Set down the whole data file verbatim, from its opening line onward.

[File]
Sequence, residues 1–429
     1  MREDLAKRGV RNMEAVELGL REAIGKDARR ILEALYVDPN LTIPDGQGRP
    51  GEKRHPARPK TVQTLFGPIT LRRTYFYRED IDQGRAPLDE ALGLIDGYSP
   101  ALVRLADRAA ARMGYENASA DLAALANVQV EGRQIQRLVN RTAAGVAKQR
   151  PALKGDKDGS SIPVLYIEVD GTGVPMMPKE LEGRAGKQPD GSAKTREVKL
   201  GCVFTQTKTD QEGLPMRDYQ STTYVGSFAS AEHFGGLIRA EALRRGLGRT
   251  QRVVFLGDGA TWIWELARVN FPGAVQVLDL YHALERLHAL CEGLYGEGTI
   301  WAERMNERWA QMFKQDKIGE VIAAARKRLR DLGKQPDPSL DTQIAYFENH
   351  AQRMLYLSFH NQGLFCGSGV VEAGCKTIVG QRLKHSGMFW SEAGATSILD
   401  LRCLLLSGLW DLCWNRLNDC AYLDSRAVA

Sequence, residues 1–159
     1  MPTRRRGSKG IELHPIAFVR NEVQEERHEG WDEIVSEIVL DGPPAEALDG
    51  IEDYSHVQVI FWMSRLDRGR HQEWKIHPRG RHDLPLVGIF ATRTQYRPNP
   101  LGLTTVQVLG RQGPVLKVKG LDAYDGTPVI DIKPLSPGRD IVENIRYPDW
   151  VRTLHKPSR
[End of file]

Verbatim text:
Sequence, residues 1–429
     1  MREDLAKRGV RNMEAVELGL REAIGKDARR ILEALYVDPN LTIPDGQGRP
    51  GEKRHPARPK TVQTLFGPIT LRRTYFYRED IDQGRAPLDE ALGLIDGYSP
   101  ALVRLADRAA ARMGYENASA DLAALANVQV EGRQIQRLVN RTAAGVAKQR
   151  PALKGDKDGS SIPVLYIEVD GTGVPMMPKE LEGRAGKQPD GSAKTREVKL
   201  GCVFTQTKTD QEGLPMRDYQ STTYVGSFAS AEHFGGLIRA EALRRGLGRT
   251  QRVVFLGDGA TWIWELARVN FPGAVQVLDL YHALERLHAL CEGLYGEGTI
   301  WAERMNERWA QMFKQDKIGE VIAAARKRLR DLGKQPDPSL DTQIAYFENH
   351  AQRMLYLSFH NQGLFCGSGV VEAGCKTIVG QRLKHSGMFW SEAGATSILD
   401  LRCLLLSGLW DLCWNRLNDC AYLDSRAVA

Sequence, residues 1–159
     1  MPTRRRGSKG IELHPIAFVR NEVQEERHEG WDEIVSEIVL DGPPAEALDG
    51  IEDYSHVQVI FWMSRLDRGR HQEWKIHPRG RHDLPLVGIF ATRTQYRPNP
   101  LGLTTVQVLG RQGPVLKVKG LDAYDGTPVI DIKPLSPGRD IVENIRYPDW
   151  VRTLHKPSR